No one sees it coming. While all eyes and resources look outward to thwart a data breach by unknown hackers on the other side of the world, sometimes the culprit is only feet away and is, in fact, known.
Indeed, a trusted colleague or vetted third-party who has access to important documents and files shouldn’t be overlooked in your organization’s data security plans. Not that every employee harbors ill intentions, but all it takes is for one of them to accidentally release data to unauthorized users or mistakenly share a file that should be private.
Yet, monitoring insider threat isn’t as easy as the vigilance that’s undertaken to prevent outside attacks. Three out of four information security professionals believe it’s hard to distinguish legitimate computer use from abuse because abnormal, harmful activity is usually hidden in the large volume of ordinary, harmless activity. It’s difficult to detect when an employee is performing a regular task with legitimate access or is acting out of turn, either negligently or maliciously.
AT&T learned that lesson recently when it paid a $25 million civil penalty – the largest related to data theft in FCC history – after employees at overseas call centers sold hundreds of thousands of customer records. Morgan Stanley won’t face an FCC penalty for a breach of wealth management data of 350,000 clients but it nonetheless faced unwanted publicity after a broker transferred the sensitive data from a financial application to personal devices and the information landed online for all to see.
These and many other high-profile insider threat breaches only buttress a Verizon study that found 69 percent of information security incidents are attributed to inside threat. Whether it’s through malicious behavior or carelessness, the insider threat is real – but somehow companies still don’t seem to understand they’re at risk. Seventy percent of audits and investments show businesses have deficiencies in monitoring insider threats, and 75 percent of all insider threats go unnoticed, according to a 2015 SANS survey.
This whitepaper will shed light on how inside threats unfold, review which insiders are prone to commit them and which applications and programs they’ll use, explain what kind of data is vulnerable, and lay out how you can best monitor and prevent internal threats. We hope to enlighten not just IT departments but also CIOs, HR leaders, financial heads – just about anyone who oversees the employees, privileged users and third parties who have permission to access your data.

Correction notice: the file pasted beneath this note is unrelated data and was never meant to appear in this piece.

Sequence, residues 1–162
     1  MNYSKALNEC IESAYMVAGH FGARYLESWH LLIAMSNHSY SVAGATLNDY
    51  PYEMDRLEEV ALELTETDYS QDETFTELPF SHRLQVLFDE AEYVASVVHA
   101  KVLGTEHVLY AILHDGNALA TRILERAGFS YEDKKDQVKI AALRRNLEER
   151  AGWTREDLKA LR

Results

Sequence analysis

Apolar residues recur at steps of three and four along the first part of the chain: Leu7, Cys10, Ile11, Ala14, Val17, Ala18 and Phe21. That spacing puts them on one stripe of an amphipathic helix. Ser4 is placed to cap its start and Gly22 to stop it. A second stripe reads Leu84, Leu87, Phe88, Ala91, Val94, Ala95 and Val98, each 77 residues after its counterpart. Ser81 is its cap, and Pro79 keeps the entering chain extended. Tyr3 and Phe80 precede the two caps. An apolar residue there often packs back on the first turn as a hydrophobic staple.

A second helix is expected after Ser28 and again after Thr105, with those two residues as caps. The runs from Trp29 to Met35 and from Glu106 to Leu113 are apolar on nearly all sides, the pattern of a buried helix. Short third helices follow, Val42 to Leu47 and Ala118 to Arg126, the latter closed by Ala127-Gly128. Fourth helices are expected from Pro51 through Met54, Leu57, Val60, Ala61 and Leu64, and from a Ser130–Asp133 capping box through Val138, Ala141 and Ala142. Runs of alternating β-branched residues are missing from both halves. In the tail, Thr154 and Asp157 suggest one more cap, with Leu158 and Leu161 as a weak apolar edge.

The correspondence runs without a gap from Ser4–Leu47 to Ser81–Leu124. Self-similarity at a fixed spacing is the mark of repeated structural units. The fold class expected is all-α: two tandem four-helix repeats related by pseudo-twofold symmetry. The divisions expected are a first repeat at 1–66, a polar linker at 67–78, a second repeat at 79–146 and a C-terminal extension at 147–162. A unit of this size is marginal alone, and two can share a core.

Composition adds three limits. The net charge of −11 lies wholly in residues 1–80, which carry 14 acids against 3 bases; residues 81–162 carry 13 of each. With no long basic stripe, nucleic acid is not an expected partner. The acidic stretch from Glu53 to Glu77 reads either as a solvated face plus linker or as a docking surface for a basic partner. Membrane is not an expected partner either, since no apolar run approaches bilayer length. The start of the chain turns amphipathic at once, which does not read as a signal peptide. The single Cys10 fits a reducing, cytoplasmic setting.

The Insider Threat Landscape:
Abuse or Legitimate Use?
It’s important to closely consider the thinking of malicious insiders and accidental insiders. Malicious insiders make a conscious decision to steal information, a knowing effort to harm their employers. Accidental insiders have no idea that their security practices cause damage, and their decisions could be innocent or simply negligent. They can also be targeted by malicious hackers and tricked into sharing a file or system access.
Even though malicious insiders are always a threat, negligent ones are the larger concern. A SANS survey of nearly 800 organizations across a wide scope of industries revealed that the majority of respondents worry far more about negligent insiders.
There Are Culprits Aplenty
Insider threat can be separated into three categories. Being able to make distinctions of their computer activities can determine how to best monitor their activities.
Employees: First, there are employees. They are the largest group, and have access to many, but not all, applications, files and programs. They can view information they’re not supposed to, make errors that open the door to data thieves, or use unauthorized cloud applications that are infamous for data exposure.
You have to worry about employees mistakenly extracting data and having it fall into the hands of those who would profit. You also have to be on alert for employees who commit inside fraud, purposely manipulating data for their own gain or stealing customers’ personal and financial information for profit. Low-level employees who work customer support or call centers are usually the ones who perpetrate inside fraud.
Third-party users: Remote vendors, contractors and outsourced IT workers are also a cause for insider threat. They can quite easily inflict harm late at night or on weekends, when a privileged administrator wouldn’t notice. They can also make unauthorized changes to files and programs. And third-party users are just as likely as in-house employees to make mistakes and be careless handling data or using unapproved applications.